FERC & NERC released their report on the cause of the Sept. 2011 SoCal blackout the other day. The report found that the blackout was caused by operator error and lack of planning. It had NOTHING to do with the age or number of high voltage transmission lines. That comes as no surprise to us, however it may come as a big surprise to industry, who tried to use the blackout as justification for the building of new transmission lines.
Building new transmission lines diverts available utility capital from the existing system upgrades and maintenance that will prevent future blackouts. Because of federal rate incentives, new transmission has become a profit center for investor owned utilities. They can earn more on the same dollar when it is invested in a new line than they can by investing that same dollar in performing maintenance and/or improvement to the existing transmission grid. Investor greed (and the fact that IOU decisions are profit-driven) has made our grid unstable and subject to widespread blackouts. The industry wants you to believe that we need to build more transmission to stabilize the grid because that meme garners more profits. The building of new transmission projects, while allowing our existing grid to crumble and fail, is like cutting a hole and installing a brand new window right next to a broken one, instead of simply repairing the window by replacing the broken pane. Which repair do you think is more expensive? FERC & NERC proved this with their investigation and report/recommendations. They found:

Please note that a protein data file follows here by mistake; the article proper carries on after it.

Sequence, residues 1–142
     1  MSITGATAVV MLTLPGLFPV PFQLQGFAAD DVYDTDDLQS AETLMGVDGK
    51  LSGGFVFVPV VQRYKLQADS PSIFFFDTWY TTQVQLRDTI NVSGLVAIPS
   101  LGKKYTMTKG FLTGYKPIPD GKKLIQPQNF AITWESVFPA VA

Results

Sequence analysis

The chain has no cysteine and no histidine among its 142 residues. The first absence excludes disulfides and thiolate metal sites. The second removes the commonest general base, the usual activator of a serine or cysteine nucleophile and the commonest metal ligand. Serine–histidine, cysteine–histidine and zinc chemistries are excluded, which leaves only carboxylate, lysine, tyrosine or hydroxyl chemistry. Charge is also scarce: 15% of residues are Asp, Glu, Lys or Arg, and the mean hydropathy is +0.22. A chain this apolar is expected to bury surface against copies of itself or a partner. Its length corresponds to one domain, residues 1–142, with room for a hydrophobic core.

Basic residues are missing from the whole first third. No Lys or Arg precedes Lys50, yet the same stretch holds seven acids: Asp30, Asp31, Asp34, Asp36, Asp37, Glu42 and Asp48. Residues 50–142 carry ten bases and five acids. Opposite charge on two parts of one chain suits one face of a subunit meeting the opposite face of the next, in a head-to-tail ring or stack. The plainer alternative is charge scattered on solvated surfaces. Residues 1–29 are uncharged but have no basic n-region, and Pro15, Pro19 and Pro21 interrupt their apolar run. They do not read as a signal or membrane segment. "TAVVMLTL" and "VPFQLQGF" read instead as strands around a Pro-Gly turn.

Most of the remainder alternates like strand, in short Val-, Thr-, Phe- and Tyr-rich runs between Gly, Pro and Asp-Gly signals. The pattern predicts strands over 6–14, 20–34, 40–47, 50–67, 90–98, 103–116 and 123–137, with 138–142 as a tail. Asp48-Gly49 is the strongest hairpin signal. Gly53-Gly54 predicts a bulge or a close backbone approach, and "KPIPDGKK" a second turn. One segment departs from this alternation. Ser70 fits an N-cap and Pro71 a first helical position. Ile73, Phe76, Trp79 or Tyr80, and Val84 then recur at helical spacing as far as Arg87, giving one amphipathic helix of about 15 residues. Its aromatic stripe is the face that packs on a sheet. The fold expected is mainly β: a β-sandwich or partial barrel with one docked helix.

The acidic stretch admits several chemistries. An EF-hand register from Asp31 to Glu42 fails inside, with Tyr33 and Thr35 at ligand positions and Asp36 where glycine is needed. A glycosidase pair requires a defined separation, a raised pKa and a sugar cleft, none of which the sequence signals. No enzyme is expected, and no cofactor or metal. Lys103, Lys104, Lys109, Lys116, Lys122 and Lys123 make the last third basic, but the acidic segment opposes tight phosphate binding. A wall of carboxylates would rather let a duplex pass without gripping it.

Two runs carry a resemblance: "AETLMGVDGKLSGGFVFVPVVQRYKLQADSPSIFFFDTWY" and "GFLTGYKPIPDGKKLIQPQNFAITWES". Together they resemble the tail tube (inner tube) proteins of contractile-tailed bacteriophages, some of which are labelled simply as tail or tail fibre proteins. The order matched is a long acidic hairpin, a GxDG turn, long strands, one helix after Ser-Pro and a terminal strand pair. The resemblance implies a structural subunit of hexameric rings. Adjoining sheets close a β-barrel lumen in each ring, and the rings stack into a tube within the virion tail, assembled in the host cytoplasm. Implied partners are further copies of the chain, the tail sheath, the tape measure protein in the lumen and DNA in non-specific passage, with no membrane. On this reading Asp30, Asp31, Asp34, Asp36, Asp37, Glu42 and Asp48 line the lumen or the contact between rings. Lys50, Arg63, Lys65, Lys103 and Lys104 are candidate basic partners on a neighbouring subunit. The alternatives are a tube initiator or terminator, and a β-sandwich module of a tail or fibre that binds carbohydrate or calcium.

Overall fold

"The September 8, 2011, event showed that the system was not being operated in a secure N-1 state. This failure stemmed primarily from weaknesses in two broad areas—operations planning and real-time situational awareness—which, if done properly, would have allowed system operators to proactively operate the system in a secure N-1 state during normal system conditions and to restore the system to a secure N-1 state as soon as possible, but no longer than 30 minutes."
FERC and NERC also compared the 2011 blackout to the 2003 blackout and determined that they were of vastly similar fault:
"Although the August 2003 and September 2011 blackouts were triggered by different initiating events—tree touches in 2003 compared to a switching error in 2011—both blackouts had common underlying causes. First, affected entities in both events did not conduct adequate long-term and operations planning studies necessary to understand vulnerabilities on their systems. Second, affected entities in both events had inadequate situational awareness leading up to and during the disturbances. In addition to these two underlying causes, both events were exacerbated by protection system relays that tripped facilities without allowing operators sufficient time to take mitigating measures. These similarities are highlighted below, with excerpts from both reports to illustrate specific comparisons."
However, even FERC has been guilty of using the 2003 blackout as a driver for new transmission projects. As you can see, it just isn't logical. So, the next time you see some industry shyster or coal-fired caveman use blackouts as proof of the need for new transmission lines, feel free to reference FERC & NERC's report... and use the broken window analogy.